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Publication numberUS7098855 B2
Publication typeGrant
Application numberUS 10/628,200
Publication dateAug 29, 2006
Filing dateJul 28, 2003
Priority dateJul 28, 2003
Fee statusPaid
Also published asUS20050024269
Publication number10628200, 628200, US 7098855 B2, US 7098855B2, US-B2-7098855, US7098855 B2, US7098855B2
InventorsMichael Kotzin, Thomas J. Walczak, Eric Krenz
Original AssigneeMotorola, Inc.
Export CitationBiBTeX, EndNote, RefMan
External Links: USPTO, USPTO Assignment, Espacenet
Emergency deployable GPS antenna
US 7098855 B2
Abstract
The electronic device is for at least one of transmitting and receiving signals, has a housing 500 and at least a GPS (Global Positioning System) antenna 510 that is operatively connected to the housing 500. A control system 708 automatically moves the GPS antenna 510 from a docked position relative to the housing 500 to a deployed position relative to the housing 500 in response to an occurrence of at least one predetermined event.
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Claims(24)
1. A portable wireless communication device, comprising:
a radio receiver coupled to an antenna;
a satellite positioning system receiver;
a satellite positioning system antenna coupled to the satellite positioning system receiver;
a deployment system coupled to the satellite positioning system antenna, the deployment system moving the satellite positioning system antenna from a docked position to a deployed position in response to an occurrence of at least one predetermined deployment event.
2. The device according to claim 1, wherein the satellite positioning system antenna is a monopole antenna substantially contained in an antenna chamber, wherein the deployment system has an ejection device, and wherein the satellite positioning system antenna has a connection section operatively connected to the ejection device which moves the satellite positioning system antenna from the docked position to the deployed position.
3. The device according to claim 2 wherein the ejection device is a spring member, and wherein a latch mechanism retains the monopole satellite positioning system antenna in the antenna chamber.
4. The device according to claim 2 wherein the ejection device is a fusable link which connects the connection section of the satellite positioning system antenna to a retaining surface of the antenna chamber.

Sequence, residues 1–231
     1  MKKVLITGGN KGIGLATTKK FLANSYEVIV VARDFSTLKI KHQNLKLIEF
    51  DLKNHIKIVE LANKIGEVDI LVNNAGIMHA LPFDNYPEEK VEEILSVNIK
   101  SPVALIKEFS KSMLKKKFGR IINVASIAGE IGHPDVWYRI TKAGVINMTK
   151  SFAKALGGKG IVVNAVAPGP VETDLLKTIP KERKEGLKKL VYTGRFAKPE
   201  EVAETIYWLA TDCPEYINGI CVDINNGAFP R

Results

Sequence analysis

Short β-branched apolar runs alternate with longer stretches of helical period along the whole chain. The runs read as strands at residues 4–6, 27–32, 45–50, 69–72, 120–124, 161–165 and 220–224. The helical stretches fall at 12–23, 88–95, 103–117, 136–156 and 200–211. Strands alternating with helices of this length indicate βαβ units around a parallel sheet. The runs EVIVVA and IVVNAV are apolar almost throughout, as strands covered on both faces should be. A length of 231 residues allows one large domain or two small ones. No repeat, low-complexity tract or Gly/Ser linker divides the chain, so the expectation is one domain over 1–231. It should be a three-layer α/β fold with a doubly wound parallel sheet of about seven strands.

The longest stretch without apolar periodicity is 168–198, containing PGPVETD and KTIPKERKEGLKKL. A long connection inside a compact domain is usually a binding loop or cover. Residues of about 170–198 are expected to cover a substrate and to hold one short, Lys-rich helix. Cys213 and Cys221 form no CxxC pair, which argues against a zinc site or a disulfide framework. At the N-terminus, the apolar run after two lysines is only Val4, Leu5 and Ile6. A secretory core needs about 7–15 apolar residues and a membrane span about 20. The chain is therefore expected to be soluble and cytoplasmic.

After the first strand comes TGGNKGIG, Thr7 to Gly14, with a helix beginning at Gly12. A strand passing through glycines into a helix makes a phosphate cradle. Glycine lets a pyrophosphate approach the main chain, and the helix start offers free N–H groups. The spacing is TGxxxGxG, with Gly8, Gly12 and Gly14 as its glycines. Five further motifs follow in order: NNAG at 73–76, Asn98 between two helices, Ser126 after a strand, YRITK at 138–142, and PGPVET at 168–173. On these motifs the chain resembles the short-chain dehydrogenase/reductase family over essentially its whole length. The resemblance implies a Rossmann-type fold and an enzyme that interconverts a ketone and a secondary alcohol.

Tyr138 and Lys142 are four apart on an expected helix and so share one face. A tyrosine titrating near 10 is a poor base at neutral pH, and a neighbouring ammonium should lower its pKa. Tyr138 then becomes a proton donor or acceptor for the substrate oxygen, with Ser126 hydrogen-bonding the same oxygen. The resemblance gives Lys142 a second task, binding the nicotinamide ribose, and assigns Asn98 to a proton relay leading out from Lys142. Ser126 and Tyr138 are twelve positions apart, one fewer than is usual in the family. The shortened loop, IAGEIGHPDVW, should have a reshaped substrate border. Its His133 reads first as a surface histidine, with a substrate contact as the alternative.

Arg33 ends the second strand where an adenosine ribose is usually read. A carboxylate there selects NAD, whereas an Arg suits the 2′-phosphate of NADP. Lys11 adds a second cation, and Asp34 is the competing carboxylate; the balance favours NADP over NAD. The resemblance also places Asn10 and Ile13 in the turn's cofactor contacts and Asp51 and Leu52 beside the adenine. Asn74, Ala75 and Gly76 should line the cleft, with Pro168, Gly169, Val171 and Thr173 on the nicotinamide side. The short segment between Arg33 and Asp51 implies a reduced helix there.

5. The device according to claim 2, wherein the ejection device is a compressed gas device that is located between the connection section of the satellite positioning system antenna and a retaining surface of the antenna chamber when the satellite positioning system antenna is in the docked position.
6. The device according to claim 2 wherein the ejection mechanism is a motor operatively connected to the satellite positioning system antenna, and wherein the satellite positioning system antenna and the antenna chamber have a gear structure such that when the motor is energized, the satellite positioning system antenna moves from the docked position to the deployed position.
7. The device according to claim 2, wherein the ejection mechanism is a solenoid having a coil and a plunger, wherein the solenoid is contained within a bottom area of the antenna chamber, wherein the plunger has one end connected to the connection section of the satellite positioning system antenna, and wherein upon energizing the coil of the solenoid, the plunger moves the antenna from the docked position to the deployed position.
8. The device according to claim 2, wherein the ejection mechanism is an airbag-type device, wherein the satellite positioning system antenna is an inflatable monopole satellite positioning system antenna that is operatively connected to the airbag-type device, and wherein upon receiving a signal the airbag-type device inflates the satellite positioning system antenna thereby moving the satellite positioning system antenna from the docked position to the deployed position.
9. The device according to claim 1, wherein the satellite positioning system antenna is an inflatable antenna, wherein the satellite positioning system antenna has a compressed configuration for the docked position and inflated by the control system to a monopole satellite positioning system antenna configuration for the deployed position.
10. The device according to claim 9, wherein the satellite positioning system monopole antenna is deployed by an airbag-type device.